Franchise Laws in the Philippines - Important Things You Should Know

In order to run a franchise business in the Philippines and be successful, you need to be square with the laws involved.

1. Franchisees should withhold 20% of taxes from the total royalties and fees due to the franchisor.

This law is stated and made clear under the National Internal Revenue Code (NIRC). Take note that if you fail to withhold this amount and/or do not remit this tax to the government, then you can be subject to penalties from the NIRC. Plus, you’ll still have to pay the 20% tax due.

2. You can choose from registering your franchise business as a percentage taxpayer or as a VAT taxpayer.

No matter what franchise business you decide to open--be it a restaurant, pharmacy, or gasoline station--you need to pay taxes.

However, you can choose to register as a percentage taxpayer, which means you’re expecting your yearly gross sales to be 3 million pesos or less. If this is the case, then you have to pay taxes equivalent to 3% of the gross quarterly sales. Note that you need to submit this tax monthly, not quarterly. In case you go above 3 million gross sales within the taxable year, then you must change your registration to a VAT taxpayer.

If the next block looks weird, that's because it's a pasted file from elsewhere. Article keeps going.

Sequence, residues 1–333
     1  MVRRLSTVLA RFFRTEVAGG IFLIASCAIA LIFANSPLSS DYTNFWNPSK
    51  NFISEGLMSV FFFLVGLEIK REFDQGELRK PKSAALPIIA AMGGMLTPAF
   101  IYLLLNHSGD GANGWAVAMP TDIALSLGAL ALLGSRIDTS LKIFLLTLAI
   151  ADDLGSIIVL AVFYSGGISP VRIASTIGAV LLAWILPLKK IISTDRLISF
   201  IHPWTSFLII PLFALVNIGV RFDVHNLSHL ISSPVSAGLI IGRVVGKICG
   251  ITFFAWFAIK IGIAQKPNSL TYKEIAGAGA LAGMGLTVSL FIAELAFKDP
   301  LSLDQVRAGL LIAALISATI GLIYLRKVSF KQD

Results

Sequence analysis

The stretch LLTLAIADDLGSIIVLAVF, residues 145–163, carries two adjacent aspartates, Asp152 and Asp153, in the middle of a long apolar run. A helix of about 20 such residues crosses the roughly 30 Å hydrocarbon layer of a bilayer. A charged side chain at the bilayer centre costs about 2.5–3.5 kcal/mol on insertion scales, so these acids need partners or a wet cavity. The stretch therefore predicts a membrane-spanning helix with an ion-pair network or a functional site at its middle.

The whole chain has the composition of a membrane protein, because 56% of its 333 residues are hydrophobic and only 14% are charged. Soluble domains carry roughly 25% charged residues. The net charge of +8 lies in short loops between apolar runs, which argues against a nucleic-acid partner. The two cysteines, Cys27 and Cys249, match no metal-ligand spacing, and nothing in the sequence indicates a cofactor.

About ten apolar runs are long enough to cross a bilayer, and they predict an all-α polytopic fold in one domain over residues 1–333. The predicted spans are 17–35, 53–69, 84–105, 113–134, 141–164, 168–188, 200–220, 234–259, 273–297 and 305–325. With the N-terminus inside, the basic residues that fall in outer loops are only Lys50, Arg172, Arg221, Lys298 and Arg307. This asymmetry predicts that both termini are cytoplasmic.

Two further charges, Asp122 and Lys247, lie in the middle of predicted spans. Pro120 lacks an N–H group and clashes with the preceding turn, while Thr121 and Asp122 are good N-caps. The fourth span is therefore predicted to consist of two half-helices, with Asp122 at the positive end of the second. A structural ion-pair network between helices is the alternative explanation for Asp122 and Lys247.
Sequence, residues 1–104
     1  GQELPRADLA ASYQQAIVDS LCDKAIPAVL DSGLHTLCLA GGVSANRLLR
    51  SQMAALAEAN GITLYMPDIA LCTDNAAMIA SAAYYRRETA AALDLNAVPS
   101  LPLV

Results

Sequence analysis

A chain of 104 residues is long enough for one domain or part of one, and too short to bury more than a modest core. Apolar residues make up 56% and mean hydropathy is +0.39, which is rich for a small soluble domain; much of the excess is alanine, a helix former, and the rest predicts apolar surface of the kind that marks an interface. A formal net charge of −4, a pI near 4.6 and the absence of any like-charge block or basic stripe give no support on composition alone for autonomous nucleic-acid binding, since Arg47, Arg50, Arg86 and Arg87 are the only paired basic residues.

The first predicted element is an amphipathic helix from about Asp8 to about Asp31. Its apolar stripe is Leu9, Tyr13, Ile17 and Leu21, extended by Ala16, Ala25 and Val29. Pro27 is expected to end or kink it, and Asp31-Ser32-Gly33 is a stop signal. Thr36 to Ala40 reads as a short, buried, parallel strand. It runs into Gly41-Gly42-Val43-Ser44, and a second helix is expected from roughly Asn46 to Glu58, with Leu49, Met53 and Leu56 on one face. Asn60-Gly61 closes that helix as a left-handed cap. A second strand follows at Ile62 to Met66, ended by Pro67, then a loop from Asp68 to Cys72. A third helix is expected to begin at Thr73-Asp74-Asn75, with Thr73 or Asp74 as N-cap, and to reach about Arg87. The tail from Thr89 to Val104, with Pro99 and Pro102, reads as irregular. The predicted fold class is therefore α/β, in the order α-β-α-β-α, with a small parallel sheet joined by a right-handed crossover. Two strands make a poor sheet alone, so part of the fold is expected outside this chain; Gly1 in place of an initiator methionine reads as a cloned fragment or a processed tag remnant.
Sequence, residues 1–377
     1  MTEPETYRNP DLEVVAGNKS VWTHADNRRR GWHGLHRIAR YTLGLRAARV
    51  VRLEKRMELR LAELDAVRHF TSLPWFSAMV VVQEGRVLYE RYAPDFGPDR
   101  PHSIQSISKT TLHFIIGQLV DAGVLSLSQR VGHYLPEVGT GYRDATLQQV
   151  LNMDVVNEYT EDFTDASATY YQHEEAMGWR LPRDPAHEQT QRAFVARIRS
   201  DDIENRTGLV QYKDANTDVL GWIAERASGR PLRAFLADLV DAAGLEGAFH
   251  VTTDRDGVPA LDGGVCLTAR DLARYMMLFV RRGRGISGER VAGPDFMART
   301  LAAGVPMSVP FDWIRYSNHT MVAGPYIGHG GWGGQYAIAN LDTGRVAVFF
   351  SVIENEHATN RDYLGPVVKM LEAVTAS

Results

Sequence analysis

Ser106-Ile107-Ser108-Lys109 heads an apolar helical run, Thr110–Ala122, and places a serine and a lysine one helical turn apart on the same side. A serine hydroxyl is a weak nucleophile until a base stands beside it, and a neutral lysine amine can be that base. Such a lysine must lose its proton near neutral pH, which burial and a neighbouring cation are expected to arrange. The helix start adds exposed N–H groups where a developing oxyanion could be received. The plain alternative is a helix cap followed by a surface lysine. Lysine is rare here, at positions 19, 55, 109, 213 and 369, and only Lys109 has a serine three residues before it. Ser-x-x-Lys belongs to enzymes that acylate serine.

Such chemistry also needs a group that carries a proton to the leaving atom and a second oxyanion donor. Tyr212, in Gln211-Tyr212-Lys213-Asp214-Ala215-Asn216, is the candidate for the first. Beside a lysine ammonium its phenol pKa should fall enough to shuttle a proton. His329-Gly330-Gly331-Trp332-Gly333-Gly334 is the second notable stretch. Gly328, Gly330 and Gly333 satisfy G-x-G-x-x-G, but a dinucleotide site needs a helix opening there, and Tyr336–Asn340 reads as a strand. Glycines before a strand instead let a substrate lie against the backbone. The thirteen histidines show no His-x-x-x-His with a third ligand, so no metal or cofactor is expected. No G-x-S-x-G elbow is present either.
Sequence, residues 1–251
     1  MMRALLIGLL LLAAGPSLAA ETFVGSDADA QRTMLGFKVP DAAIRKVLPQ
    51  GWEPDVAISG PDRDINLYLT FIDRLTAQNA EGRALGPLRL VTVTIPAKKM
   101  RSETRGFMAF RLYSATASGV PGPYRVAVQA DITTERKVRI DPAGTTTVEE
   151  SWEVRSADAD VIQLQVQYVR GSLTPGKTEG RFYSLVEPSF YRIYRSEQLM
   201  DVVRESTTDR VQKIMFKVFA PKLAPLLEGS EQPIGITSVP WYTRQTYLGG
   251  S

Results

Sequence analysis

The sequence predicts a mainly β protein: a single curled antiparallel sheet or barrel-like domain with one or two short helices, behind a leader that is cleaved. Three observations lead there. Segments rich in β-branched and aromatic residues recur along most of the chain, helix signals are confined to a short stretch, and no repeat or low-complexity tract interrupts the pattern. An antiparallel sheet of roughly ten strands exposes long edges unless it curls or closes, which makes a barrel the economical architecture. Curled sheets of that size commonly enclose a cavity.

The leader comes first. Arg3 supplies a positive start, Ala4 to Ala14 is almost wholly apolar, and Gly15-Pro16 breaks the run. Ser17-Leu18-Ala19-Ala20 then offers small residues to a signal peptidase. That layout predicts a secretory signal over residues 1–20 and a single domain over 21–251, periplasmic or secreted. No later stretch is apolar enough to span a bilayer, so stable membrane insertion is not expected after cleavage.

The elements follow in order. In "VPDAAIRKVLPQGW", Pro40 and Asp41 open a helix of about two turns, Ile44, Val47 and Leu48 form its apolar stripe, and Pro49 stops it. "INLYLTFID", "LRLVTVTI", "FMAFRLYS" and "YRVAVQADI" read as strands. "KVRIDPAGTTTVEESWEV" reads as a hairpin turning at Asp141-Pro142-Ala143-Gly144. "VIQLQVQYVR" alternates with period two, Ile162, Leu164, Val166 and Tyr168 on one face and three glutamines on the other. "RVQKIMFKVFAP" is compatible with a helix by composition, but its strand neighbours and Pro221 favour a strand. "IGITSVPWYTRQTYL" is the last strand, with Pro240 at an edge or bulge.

Now, what about being a VAT taxpayer? Falling under this category means your business will incur 12% VAT (value-added tax). At least 70% of this tax should be shouldered by your business while the rest can be passed on to consumers upon your discretion.

3. Franchisees need not issue receipts for all transactions.

In the Philippines, the government agency in charge of tax collection is the Bureau of Internal Revenue. They have launched a campaign over the years to constantly remind consumers to ask for a receipt when transacting with commercial businesses.

But that needs to be clarified a bit. According to the law, businesses (including franchise ventures) should always issue receipts for services or products that cost more than PHP 25; fees for commercial space rent, employee salaries, and commissions; and payments for transacting with VAT-registered businesses.

Apart from that, businesses are not actually strictly required to issue receipts.

4. Withhold the income tax from your employees’ salaries and pay these to the BIR.

Employees are a huge part of any franchise business. It is your duty as an employer to handle the income tax and other fees any worker in the Philippines must pay to the government. Note though that the income tax only applies to staff who are earning above the minimum-wage of PHP 5,000.

For all of your employees, however, you need to withhold fees for SSS, Pag-Ibig, and Philhealth as required by the law.

These are the important laws you need to keep in mind when running a franchise business in the Philippines. By making sure that you adhere to these rules, you will be one step closer to running a successful venture.

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